Caroline Glick

JERUSALEM, Israel - For the past generation, Israel has found itself engaged in post-modern warfare. Whereas Arab armies have proved themselves in five wars to be no match for the Israeli Defense Force on the battlefield, since Israeli forces withdrew from most of Lebanon twenty years ago, enemies of the Jewish state have found that the most effective means of fighting it is on the post-modern battlefield.

The most conspicuous component of the post-modern battlefield is terrorism. Terrorist foot soldiers of the post-modern army sow fear and revulsion in the heart of the target population in order to induce a sense of helplessness. In the face of photographs of the charred remains of babies being pulled from bombed-out cafes and buses, the mighty Israeli army suddenly seems small and impotent.

While terrorism is the outward face of the post-modern aggressor, social psychology is perhaps his greatest weapon. If the target population can be manipulated to view itself as the aggressor, if it can be brought to view its position as untenable, then it will sue for peace and surrender. So it was that Kadoura Fares, a member of the Palestinian Legislative Council and one of the heads of Fatah who signed far left-wing Israeli politician Yossi Beilin's capitulationist Geneva Accords in October 2003, said in an interview with the pan-Arab London-based newspaper Al-Hayat that month that the Palestinian aim in signing the accords was to "foment a piercing public and political debate in Israel."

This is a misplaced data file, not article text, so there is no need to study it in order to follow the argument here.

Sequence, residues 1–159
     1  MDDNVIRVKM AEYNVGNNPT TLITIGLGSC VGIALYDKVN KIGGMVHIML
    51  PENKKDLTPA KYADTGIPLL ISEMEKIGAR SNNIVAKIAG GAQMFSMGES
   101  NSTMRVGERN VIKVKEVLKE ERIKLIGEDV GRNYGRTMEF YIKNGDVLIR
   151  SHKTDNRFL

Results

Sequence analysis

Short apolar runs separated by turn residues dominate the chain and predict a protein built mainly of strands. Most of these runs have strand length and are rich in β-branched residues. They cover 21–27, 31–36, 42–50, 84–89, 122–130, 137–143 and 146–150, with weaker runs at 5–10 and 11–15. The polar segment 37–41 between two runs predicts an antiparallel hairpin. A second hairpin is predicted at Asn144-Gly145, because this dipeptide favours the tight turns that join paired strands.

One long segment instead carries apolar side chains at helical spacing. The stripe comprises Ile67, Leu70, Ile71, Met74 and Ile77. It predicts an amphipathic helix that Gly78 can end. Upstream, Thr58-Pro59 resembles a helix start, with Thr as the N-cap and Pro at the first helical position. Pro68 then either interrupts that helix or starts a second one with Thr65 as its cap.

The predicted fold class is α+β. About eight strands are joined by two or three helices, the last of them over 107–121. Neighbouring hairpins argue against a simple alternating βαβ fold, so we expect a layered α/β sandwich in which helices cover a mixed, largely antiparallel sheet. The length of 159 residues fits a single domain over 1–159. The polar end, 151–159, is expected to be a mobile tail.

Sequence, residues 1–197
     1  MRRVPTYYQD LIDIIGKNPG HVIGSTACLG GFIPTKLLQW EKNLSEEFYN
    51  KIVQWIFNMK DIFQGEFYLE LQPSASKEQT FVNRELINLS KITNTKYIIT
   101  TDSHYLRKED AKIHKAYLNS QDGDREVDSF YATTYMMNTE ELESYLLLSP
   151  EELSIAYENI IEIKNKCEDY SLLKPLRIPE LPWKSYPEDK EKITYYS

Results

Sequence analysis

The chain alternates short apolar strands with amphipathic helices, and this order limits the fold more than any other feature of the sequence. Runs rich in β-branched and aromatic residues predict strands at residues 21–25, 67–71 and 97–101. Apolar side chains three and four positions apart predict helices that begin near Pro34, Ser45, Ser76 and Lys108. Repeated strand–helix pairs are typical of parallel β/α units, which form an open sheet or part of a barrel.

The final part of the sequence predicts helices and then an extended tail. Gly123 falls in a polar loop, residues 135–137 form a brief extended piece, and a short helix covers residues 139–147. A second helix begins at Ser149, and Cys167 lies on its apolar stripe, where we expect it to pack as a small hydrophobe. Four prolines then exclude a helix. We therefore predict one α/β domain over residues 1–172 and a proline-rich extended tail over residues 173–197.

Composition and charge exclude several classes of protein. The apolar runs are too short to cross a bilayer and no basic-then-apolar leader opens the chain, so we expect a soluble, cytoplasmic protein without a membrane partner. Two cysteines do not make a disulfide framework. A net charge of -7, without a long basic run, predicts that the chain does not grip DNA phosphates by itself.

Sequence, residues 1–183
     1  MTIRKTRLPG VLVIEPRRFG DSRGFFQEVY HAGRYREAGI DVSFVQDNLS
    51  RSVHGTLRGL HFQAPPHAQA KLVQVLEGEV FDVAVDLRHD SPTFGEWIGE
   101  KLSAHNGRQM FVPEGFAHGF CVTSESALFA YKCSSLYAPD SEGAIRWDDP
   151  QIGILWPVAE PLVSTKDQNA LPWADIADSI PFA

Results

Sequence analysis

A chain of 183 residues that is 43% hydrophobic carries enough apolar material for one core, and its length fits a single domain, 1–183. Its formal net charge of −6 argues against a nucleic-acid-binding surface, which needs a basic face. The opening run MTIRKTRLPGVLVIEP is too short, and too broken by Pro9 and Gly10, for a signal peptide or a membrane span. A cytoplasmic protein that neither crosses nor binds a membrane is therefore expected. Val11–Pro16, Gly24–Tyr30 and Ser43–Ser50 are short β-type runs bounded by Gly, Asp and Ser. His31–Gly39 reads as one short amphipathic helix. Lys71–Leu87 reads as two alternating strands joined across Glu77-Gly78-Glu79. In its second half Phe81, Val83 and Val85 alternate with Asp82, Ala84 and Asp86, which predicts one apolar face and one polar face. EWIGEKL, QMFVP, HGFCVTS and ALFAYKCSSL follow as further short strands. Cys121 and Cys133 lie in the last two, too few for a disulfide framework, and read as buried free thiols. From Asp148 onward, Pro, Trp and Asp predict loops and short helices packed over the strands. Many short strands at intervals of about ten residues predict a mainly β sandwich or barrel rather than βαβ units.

While Hamas has placed its emphasis mainly on the terrorist aspect of the post-modern battlefield, the PLO has placed an equal emphasis on the psychological component of the war. In fact, it could be said in retrospect that the greatest single victory the PLO has scored in its 46-year-old war with Israel was the publication of a single report in 1997. That report, "Demographic Indicators of the Palestinian Territory, 1997-2015," is based on a census carried out by the PA's Central Bureau of Statistics (PCBS) in 1997. It projects that the Arab population west of the Jordan River will by 2015 outnumber the Jewish population.


Caroline Glick

Caroline B. Glick is the senior Middle East fellow at the Center for Security Policy in Washington, D.C., and the deputy managing editor of The Jerusalem Post, where this article first appeared.

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